Article | Guide

Hybrid and electric cars – what's the difference?

011 Mar 2024

This easy guide explains the difference between the two

Curious about the new car types available out there? Contemplating a more electric way of driving? Or just want to understand the difference between electric and hybrid cars? We’ve got you covered. At bp pulse, we help people get clued-up with electric driving.

So, first things first. Both electric cars (EVs) and hybrids run on electricity but have crucial differences. Let’s take a look at the main five.

1. Their power source

Electric cars (EVs) are powered only by electricity which is stored in their battery pack (like your other electric devices, such as your phone or laptop.) EVs get their charge by plugging into an electric power source – the chargers that you’ll have seen.

Hybrid cars also get their power from electricity, but they can also run on petrol, or a combination of both. That's because their insides are slightly different. Look inside a hybrid and you’d see, as well as a battery and an electric motor, an internal combustion engine.

In a nutshell: Both use electricity, only hybrid uses gasoline too.

2. Tailpipe emissions

The combustion engines in hybrid cars release waste products from their fuel. These come out of the car when the engine is deployed, and are known as tailpipe emissions.

Electric vehicles (EVs) produce zero tailpipe emissions.

In short: Only hybrids produce tailpipe emissions.

3. Clean air zone exemptions

As you may know, cities across the UK such as Bristol, Glasgow, and London and others have clean air zones, (CAZ, or in London, ULEZ) which charge vehicles with higher tailpipe emissions.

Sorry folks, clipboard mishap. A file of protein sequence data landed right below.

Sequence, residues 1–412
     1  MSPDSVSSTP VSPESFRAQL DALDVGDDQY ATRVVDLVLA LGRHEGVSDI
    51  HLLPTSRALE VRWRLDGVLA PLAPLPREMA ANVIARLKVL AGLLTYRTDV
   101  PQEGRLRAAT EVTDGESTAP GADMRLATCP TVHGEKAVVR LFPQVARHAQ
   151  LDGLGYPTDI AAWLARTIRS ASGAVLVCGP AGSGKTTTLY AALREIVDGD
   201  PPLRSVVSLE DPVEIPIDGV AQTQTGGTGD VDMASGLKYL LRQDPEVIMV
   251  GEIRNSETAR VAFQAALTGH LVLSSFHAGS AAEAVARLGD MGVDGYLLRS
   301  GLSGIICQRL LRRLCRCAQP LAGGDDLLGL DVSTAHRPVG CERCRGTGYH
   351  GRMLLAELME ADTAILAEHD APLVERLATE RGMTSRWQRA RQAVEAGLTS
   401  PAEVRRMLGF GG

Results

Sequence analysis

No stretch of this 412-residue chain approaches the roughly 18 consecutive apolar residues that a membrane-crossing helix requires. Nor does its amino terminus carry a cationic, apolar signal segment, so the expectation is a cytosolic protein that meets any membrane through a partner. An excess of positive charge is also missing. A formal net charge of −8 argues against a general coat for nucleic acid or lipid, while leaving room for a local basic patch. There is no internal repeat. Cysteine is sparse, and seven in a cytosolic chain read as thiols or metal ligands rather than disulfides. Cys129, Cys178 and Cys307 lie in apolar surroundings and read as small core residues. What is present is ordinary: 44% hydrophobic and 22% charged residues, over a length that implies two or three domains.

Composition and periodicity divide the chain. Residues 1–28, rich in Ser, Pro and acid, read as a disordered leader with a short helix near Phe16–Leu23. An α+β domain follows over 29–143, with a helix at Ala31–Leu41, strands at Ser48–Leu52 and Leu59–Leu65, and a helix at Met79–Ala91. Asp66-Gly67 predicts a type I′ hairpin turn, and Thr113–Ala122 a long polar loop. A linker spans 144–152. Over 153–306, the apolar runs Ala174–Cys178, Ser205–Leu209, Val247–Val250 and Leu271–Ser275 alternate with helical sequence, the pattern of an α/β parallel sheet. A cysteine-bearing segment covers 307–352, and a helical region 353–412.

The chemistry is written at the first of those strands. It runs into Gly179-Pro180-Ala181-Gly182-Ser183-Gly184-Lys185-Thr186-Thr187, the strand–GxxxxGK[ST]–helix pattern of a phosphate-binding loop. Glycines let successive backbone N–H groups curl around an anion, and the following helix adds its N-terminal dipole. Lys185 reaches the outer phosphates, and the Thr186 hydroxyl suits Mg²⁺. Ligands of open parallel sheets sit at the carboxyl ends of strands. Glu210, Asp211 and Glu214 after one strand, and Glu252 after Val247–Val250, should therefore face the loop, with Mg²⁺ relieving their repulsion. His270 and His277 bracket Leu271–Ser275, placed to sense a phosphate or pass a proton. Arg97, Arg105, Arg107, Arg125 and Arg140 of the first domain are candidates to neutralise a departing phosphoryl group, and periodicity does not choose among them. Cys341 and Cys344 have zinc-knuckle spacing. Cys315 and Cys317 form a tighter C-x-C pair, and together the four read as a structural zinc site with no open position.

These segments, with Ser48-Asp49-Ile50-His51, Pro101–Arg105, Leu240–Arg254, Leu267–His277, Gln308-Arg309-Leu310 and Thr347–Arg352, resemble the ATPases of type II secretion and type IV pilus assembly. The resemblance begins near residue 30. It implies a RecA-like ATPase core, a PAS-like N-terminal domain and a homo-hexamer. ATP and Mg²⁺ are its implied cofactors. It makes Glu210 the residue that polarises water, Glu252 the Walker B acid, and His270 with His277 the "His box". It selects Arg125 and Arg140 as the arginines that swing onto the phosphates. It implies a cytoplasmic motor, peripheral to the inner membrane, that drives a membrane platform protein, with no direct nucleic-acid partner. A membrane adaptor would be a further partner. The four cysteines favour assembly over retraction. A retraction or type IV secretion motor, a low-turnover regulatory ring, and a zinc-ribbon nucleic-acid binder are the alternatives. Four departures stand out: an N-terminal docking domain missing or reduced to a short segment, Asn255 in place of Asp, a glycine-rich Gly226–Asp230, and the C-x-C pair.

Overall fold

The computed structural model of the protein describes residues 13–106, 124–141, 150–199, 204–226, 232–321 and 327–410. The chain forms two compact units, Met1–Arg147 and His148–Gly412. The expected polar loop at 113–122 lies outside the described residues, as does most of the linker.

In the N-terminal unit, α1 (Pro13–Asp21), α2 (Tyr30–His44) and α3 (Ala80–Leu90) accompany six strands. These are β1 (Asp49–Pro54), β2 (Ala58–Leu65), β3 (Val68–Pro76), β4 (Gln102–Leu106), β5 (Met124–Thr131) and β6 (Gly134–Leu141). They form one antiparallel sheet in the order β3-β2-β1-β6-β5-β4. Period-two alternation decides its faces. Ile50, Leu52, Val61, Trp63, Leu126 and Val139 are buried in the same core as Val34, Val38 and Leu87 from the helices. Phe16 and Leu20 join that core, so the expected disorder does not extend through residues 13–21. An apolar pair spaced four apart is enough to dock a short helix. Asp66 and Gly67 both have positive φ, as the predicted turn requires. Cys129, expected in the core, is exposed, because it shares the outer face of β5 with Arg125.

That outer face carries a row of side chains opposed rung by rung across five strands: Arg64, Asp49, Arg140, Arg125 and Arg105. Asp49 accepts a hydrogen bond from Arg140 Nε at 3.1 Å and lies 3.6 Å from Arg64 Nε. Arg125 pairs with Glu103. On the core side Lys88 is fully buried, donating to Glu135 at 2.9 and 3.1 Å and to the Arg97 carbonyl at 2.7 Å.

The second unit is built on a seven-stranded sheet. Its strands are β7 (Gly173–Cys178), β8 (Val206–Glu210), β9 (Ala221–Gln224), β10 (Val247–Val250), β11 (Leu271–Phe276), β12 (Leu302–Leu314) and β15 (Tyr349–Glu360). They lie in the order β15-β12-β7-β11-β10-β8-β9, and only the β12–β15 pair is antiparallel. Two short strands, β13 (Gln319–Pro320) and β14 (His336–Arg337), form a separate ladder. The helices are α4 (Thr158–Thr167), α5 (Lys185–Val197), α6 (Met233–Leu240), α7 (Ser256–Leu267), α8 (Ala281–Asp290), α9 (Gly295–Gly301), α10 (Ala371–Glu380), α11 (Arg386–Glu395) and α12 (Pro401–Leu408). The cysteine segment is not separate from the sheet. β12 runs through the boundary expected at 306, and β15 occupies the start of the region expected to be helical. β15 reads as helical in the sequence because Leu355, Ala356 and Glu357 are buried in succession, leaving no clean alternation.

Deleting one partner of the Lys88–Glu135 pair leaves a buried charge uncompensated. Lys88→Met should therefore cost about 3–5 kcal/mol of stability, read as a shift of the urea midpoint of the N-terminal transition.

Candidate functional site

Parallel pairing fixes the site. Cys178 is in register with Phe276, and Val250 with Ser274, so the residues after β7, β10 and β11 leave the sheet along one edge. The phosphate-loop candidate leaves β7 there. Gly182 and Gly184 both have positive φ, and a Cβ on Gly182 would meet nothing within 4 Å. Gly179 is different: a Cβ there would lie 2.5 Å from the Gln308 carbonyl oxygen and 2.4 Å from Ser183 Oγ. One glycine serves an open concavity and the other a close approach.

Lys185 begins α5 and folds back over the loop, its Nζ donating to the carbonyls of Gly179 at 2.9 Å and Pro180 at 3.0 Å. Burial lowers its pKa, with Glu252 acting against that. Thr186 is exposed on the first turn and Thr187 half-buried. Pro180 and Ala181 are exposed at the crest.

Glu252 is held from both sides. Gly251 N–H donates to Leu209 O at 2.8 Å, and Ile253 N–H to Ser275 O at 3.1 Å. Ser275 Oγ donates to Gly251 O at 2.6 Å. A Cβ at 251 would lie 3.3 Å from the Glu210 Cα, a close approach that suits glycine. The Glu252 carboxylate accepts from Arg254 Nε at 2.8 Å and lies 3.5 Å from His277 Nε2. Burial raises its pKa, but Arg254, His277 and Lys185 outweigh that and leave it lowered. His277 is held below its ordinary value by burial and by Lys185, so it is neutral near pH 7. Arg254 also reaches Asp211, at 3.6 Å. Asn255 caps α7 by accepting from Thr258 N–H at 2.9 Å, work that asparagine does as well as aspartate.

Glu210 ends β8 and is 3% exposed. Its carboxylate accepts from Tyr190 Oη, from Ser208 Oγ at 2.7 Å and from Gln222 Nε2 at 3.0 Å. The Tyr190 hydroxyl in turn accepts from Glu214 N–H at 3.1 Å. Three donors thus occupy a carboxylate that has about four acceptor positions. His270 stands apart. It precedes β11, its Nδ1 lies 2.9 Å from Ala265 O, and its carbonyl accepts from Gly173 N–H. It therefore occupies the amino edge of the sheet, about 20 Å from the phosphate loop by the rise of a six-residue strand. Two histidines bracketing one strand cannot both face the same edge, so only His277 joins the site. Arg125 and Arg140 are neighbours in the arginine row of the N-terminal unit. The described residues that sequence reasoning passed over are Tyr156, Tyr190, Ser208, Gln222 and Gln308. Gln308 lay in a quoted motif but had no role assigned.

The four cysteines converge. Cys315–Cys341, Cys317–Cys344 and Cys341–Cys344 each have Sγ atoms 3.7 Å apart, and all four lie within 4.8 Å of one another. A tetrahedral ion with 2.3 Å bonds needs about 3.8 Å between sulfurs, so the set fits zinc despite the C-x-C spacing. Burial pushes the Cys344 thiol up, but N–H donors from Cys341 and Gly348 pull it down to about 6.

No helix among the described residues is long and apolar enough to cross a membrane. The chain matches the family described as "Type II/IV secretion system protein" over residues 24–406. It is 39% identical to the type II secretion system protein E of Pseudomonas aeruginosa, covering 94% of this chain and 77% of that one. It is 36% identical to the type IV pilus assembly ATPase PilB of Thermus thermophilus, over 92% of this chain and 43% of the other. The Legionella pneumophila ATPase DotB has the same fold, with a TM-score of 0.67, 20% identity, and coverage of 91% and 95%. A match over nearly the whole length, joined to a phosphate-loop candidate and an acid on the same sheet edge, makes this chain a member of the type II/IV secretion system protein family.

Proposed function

Generally, EVs may be exempt from paying charges, because they have zero tailpipe emissions. Hybrids may not be.

Because there’s no one-size-fits-all policy across separate city councils, it’s always worth double checking with the relevant city if you’re planning a trip. This guide to exemptions is useful, too.

In short: EVs are less likely to be charged in clean air zones because they have zero tailpipe emissions, but double-check for each city.

Find out more about public EV charging

We'll keep your electric vehicle moving as you travel around the UK with our network of charging points—so you can plug in, power up, and go.

4. Charging up

EVs get their power source using a charging station or home charger, and how quickly they reach their chosen charge depends on things like the charger speed of the charger, and the capacity of the battery, too.

Hybrid cars do not need to be plugged in for charging. That’s because they typically charge their batteries through regenerative braking and engine power while driving. (But always double check for each make and model, if you’re thinking of buying one.) They don’t need any external sources of charging or rely on a charging infrastructure.

In short: Only EVs use chargers or charging stations

5. Their battery size and range

Both cars have batteries. But there’s a crucial difference. The battery in a hybrid car is relatively small compared to an EV’s battery. That’s because a hybrid’s battery assists the combustion engine, rather than work on its own to power the vehicle. In a way, it’s the engine’s sidekick. This means that hybrids typically have a shorter electric-only range of around a few miles.

EVs have larger battery packs, because that’s their sole way of getting power. The range of an EV – or, how long it can travel on one charge – varies depending on its make and model and battery capacity, but many modern EVs can travel over 200 miles (320 kilometres) on a single charge. That’s about the distance between London and Leeds.

Essentially: Because of their bigger battery size, EVs can typically go considerably longer than a hybrid on a single electric charge.

Now you’ve got the five facts at your fingertips, we hope you feel clearer about these two types of vehicles. If you are driving – or thinking about getting – a hybrid, our Fuel & Charge card can help you fuel and charge in the UK and across Europe.

And for more helpful charging, why not download the bp pulse app (it’s free) and see where you’ll find us.

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